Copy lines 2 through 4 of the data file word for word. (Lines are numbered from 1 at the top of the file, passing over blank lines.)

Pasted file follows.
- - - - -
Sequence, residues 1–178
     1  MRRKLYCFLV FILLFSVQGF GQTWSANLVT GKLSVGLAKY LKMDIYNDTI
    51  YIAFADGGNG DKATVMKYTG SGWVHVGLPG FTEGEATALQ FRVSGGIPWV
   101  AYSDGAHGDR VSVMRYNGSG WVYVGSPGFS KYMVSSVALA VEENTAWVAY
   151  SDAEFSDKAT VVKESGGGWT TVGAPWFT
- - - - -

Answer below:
     1  MRRKLYCFLV FILLFSVQGF GQTWSANLVT GKLSVGLAKY LKMDIYNDTI
    51  YIAFADGGNG DKATVMKYTG SGWVHVGLPG FTEGEATALQ FRVSGGIPWV
   101  AYSDGAHGDR VSVMRYNGSG WVYVGSPGFS KYMVSSVALA VEENTAWVAY